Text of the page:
New Year’s Resolutions: Making It a Family Affair
By Meredith Russell
New Year’s is a bookend for this holiday season, and a great opportunity to involve our children in making meaningful changes. Start some family traditions that focus less on stuff and more on action.
Environmental New Year’s Resolutions
Go green this year with your first annual Environmental New Year’s Resolution. Plan to ban plastic grocery bags or paper napkins. Or commit to recycled toilet paper products or compact fluorescent light bulbs. Get the kids involved by brainstorming ideas with them and letting them vote for which environmental change to make this year. Start small so that they can experience success and save their additional ideas for next year! Check out Kids for Saving Earth for other ideas and inspiration.
Family Charity Meetings
Set a family meeting date to discuss how to contribute to those in need this year. Ask the children some open questions, such as “How would you like to change the world this year?” “What makes you sad about the world?” This helps identify what type of giving will be meaningful to your children. VolunteerMatch is a great way to find charities and non-profits in your area that speak to your kids’ interests and skill/development levels.
Some families bring a certain amount of money to the table and decide how to donate it. Children may contribute pennies from their piggy bank. Any sum they bring adds to their sense of community giving and responsibility. Other families choose an organization to volunteer with over the next year, such as monthly collections for a food bank or weekly visits to a nursing home.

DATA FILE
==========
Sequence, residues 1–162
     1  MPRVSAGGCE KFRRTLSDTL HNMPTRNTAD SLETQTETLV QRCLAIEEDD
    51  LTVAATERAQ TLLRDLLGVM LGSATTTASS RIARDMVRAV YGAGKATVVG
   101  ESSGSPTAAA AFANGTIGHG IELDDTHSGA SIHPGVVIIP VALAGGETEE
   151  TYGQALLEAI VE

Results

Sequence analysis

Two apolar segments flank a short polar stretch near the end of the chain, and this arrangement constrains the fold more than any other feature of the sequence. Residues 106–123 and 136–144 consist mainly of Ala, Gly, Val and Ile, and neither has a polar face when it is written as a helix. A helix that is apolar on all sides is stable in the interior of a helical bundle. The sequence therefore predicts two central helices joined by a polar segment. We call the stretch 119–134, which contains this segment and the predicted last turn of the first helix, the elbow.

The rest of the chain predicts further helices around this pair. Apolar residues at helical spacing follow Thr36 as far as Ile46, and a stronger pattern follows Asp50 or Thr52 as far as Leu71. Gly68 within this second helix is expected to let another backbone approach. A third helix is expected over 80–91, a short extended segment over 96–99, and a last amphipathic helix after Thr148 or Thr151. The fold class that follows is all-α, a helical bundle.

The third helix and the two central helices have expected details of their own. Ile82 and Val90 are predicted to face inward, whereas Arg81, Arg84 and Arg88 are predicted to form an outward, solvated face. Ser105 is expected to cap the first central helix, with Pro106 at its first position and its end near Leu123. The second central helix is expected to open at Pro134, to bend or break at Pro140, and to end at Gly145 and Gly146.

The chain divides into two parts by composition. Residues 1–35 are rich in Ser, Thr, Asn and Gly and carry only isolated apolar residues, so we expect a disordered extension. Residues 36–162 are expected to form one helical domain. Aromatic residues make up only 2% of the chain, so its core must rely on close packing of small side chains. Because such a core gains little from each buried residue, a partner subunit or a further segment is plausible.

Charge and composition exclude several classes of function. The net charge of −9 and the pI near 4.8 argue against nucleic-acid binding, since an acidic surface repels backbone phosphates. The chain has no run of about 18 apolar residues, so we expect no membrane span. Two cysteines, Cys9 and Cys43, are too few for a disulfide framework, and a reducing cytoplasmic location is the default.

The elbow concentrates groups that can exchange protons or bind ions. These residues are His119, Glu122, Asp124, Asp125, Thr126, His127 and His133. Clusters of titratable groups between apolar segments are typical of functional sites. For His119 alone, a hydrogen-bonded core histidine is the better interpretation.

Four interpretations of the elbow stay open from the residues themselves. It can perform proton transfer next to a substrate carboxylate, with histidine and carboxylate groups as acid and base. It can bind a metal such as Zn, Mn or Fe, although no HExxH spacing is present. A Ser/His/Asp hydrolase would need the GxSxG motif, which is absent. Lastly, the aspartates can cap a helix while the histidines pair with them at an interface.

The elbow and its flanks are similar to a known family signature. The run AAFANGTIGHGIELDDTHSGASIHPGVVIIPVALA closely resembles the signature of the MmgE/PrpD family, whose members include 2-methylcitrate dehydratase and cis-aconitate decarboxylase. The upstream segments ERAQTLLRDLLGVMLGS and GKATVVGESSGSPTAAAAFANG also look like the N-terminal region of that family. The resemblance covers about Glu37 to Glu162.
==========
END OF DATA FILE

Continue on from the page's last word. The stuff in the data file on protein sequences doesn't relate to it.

Charity birthday parties are an interesting new trend and make a great New Year’s Resolution. With the birthday child’s agreement, a party can turn from a toy binge to a fundraising event.
In 1992, 10 year-old Julia Hart decided to forgo birthday presents and make donations to a hospital instead. This was the beginning of the Peter Pan Children’s Fund, which has since given hundreds of thousands of dollars to hospitals around the country.
Children for Children® offers a “club” in which members use milestone celebrations, such as birthdays and graduations, to raise money for charity. The club provides ideas about invitations, how to ask guests to bring monetary or school supply donations, and ways to debrief the event with children afterward.
If this isn’t a good fit for your child, consider doing it on your own birthday or other holidays. Parents can set a powerful example for children by what they ask for and do themselves. You might request donations in lieu of gifts for yourself. Or ask for the gift of time: time together. An outing to the zoo or park can make a wonderful present!
Tips for Success:
• Start immediately. Just do it! Now! Go!
• Take small steps. Baby steps are best, so that you can achieve your goal!
• Take an action. Find something you can do to get started: get those cloth napkins out of the cupboard and use them!
• Involve others. By making the resolution a family affair, you are more likely to be successful!
Involving your children in these family decisions at a young age is a priceless gift to them, to your family, and to your community. What a great start to a happy new year!